A: On the first day of kindergarten, I was certain I was going to learn how to read. I must have expected an automatic download of literacy but instead I got some crayons and a nap. I went home in tears, upset that I’d have to spend the first year of my education without knowing how to read. (Being four is tough.) Not surprisingly, I am an overachiever. In school, I worked hard. I got straight A’s and excelled in art and English. I never got into trouble, except for sneak-reading novels under my desk instead of doing work. Bunnicula, The Secret Garden, Number the Stars, The True Confessions of Charlotte Doyle, ALL the Nancy Drew mysteries—I loved how stories could transport me to other worlds. 


After highschool, I moved to New York City, literally a world away from the small Virginia town where I grew up. My roommate had a job in the marketing department at Clarion Books and I was studying graphic design at Parsons. Seeing an opportunity to help me pay my half of the rent, my roommate hired me to design Clarion’s promo projects. By the time I graduated, I had a children’s marketing design portfolio which landed me my first full-time job in the children’s marketing department at HarperCollins. Characteristically, I poured my heart and soul into that work, carefully kerning type on everything from catalogues to shelf-talkers, until I realized that these projects—while important—were temporary. A kid wasn’t going to save an ice cream coupon or treasure a bookmark. What I really wanted was to make something lasting. I wanted to make books. 


I designed my first book at Abrams. I spent almost ten years there, honing my skills, learning how to trust my instincts, becoming a diplomatic communicator and a good listener, and ultimately, an art director. I left my Abrams family to lead the middle-grade team at Random House and a couple of years later, the opportunity to work for Candlewick arrived. I wasn’t looking for a move, but I was thrilled (and maybe a little terrified) by the prospect of launching a new division that would become Walker Books US. 

Now, almost two years and approximately 50 titles later, I’m extremely proud of where I am and how I got here. If I’m being honest, some days I’d take crayons and a nap over writing emails and going to meetings—BUT—I really do love what I do. I’d also be absolutely remiss if I didn’t say that my journey has taken a village of mentors, mountains of inspiration, and quite a lot of dumb luck. I offer daily gratitude to the people who took a chance on me, gave me a job or offered words of wisdom. Publishing has no shortage of good and kind folks.

Caption: When I was hired to be a book designer at Abrams, I’d never designed a book for publication before. I had a portfolio that was mainly marketing design, but this was a piece I kept in. I’ve been in love with typography since my first days as an art school student. So as a senior year design project, I created a typeface of dingbats based on the wrought iron fences on my block in Brooklyn. Years after he hired me, my creative director said this was the piece in my portfolio that made him take a chance on me. He said he knew I could design books because this piece proved that I would pay attention to the details.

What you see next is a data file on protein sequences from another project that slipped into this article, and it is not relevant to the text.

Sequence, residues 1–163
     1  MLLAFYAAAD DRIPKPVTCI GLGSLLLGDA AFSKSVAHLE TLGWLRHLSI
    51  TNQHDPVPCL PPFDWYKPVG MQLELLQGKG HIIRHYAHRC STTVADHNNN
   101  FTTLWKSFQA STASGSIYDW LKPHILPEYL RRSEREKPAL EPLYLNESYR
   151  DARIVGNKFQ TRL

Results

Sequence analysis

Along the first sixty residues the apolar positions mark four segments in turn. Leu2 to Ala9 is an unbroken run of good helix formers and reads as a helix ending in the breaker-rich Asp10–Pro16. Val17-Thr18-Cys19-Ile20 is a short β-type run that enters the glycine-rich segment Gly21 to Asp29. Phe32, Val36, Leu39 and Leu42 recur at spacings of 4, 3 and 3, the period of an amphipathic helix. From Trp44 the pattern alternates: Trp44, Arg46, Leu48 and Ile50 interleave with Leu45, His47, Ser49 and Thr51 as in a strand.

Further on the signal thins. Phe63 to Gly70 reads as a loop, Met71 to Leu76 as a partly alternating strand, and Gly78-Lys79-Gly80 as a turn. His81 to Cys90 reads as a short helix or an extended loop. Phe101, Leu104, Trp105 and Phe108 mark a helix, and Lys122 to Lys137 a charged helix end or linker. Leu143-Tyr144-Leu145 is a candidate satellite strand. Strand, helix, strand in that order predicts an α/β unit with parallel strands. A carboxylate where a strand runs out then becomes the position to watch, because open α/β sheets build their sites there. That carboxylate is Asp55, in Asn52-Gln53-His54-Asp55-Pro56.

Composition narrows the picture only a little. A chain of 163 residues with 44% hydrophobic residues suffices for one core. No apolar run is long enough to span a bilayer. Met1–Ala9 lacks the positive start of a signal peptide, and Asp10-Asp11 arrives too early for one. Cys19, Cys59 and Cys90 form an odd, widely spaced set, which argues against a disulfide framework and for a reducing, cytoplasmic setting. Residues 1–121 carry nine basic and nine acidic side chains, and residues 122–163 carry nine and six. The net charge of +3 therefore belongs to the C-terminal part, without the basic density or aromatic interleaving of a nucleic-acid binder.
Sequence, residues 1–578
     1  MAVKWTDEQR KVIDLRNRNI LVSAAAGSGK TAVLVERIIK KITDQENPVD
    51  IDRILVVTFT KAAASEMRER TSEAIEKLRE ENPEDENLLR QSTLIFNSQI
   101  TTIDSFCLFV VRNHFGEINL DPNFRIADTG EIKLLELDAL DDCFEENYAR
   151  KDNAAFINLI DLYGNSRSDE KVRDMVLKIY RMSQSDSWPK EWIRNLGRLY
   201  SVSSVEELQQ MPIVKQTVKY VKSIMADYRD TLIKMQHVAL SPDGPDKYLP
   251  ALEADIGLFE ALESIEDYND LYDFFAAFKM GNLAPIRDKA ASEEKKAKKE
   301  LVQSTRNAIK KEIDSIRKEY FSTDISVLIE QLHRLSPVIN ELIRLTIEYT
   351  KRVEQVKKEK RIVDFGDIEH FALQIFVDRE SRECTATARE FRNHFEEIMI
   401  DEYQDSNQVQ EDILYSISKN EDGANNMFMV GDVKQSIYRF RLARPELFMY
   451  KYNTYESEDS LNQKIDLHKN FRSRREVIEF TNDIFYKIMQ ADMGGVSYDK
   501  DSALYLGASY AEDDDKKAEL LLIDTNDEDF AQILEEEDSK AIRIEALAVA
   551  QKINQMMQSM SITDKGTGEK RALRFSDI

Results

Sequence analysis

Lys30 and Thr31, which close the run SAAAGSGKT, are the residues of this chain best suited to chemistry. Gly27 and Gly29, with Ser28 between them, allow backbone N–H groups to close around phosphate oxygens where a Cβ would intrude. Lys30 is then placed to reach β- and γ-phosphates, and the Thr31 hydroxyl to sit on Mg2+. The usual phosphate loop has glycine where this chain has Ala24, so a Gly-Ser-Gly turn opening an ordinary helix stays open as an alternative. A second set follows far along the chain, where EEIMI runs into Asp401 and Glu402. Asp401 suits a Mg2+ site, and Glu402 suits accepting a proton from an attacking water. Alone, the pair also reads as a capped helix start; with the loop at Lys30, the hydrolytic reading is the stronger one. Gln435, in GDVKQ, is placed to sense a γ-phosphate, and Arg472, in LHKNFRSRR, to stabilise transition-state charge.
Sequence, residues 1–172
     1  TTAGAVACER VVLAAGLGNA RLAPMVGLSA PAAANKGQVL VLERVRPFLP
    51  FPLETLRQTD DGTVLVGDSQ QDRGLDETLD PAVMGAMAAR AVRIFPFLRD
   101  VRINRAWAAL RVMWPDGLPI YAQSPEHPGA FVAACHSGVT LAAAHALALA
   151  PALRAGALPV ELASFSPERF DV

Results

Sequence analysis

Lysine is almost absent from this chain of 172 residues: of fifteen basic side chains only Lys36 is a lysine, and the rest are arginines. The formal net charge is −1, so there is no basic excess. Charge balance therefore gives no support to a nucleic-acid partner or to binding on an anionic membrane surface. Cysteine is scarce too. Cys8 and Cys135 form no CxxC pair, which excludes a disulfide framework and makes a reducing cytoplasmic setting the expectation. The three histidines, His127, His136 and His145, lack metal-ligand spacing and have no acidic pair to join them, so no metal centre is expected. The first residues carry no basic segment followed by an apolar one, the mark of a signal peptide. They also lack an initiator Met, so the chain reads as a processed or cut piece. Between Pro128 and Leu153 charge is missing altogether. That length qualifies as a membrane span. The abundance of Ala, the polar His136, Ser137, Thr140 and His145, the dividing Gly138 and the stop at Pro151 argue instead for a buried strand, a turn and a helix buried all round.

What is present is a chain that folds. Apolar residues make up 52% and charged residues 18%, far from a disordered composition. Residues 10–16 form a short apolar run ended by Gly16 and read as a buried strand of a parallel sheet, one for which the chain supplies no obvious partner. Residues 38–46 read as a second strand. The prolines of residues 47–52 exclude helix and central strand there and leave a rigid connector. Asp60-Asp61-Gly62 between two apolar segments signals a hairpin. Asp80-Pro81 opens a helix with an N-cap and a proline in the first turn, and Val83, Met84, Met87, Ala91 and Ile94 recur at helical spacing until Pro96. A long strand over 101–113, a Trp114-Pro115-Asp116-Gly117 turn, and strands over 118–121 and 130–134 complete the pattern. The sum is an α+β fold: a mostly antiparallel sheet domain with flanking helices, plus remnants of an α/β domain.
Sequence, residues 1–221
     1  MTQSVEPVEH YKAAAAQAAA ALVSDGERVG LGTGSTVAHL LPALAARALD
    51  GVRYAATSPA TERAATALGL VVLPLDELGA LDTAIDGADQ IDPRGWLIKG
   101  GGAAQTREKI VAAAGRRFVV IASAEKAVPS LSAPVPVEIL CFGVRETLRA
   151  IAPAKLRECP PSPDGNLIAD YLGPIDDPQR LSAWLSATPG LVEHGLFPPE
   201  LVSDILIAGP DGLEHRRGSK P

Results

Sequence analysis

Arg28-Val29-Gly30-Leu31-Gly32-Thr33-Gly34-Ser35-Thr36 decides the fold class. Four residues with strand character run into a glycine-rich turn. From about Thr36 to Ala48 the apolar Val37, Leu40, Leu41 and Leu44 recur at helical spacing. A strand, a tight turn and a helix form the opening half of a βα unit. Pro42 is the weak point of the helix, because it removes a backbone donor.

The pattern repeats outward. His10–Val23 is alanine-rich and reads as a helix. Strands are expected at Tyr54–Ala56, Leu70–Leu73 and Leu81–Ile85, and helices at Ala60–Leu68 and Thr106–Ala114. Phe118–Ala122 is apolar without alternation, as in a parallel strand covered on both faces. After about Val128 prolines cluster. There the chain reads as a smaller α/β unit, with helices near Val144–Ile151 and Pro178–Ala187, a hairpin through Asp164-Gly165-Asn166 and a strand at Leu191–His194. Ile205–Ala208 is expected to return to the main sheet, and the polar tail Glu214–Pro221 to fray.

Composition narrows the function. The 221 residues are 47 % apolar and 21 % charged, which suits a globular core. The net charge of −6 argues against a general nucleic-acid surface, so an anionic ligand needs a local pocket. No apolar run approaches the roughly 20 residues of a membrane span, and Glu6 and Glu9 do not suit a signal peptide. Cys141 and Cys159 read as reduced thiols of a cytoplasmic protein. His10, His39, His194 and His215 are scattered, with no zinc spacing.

Q: There are so many talented illustrators on the internet. Where do you look to find illustrators for your book projects?


A: On the internet, my go to is Instagram. It is the visual social media platform that encourages sharing without the pressure of constantly updating your portfolio. Instagram is a place where creatives can post work in progress or finished pieces in real time. It’s also easily searchable via hashtags. 


I also look at agency websites and sites I’ve bookmarked. But really, I look for illustrators everywhere. I hire from postcards and conferences. I take pictures of street signage and bus ads, I save magazines with art that I like. If I like your work, I will remember you and I will keep you in mind for a project. 

Q: What makes one illustrator’s work stand out and make you want to work with them? 

A: My tastes in illustration are wide-ranging. I appreciate everything from fine art to graffiti. So much depends on the project, the genre, and the tone of the text. But for children’s books, the kind of work that stands out most to me is work that poses a question or presents a narrative. Working in publishing means that we’re storytellers. We want our audience to turn the page or ask for more. It’s essential that children’s art and design continue telling the story and engaging the reader. 

Q: Can you share some of your favorite recent picture books that you’ve worked on? How did you find the illustrator?

A: We have a handful of picture books in development for future seasons, so I can’t get too specific about the projects just yet, but I can share how I found the illustrators. I hired one of the illustrators after I met her at an SCBWI conference last year. (Yes, that really does happen!) She won the portfolio review for the show and I kept her in mind for the right manuscript which arrived a few months later. For another project, the editor had a specific illustrator in mind. We wanted someone who could capture vibrant characters and musical instruments. And for a different project, I found the illustrator by going down the Instagram rabbit hole, searching for #cutegoatillustrations and #cutegoatart. Use hashtags, folks. You never know when they will meet the right search criteria!

Q: What are three things that would help improve a picture book illustrators portfolio or dummy book?

A: 
1. Read your story out loud, preferably to a kid. 

2. Read other published picture books. Go to your library and local bookstore. Ask the librarians and booksellers what they like and what kids have been reading. Educate yourself on the kinds of stories that are being published. Keep what resonates. Forget the rest.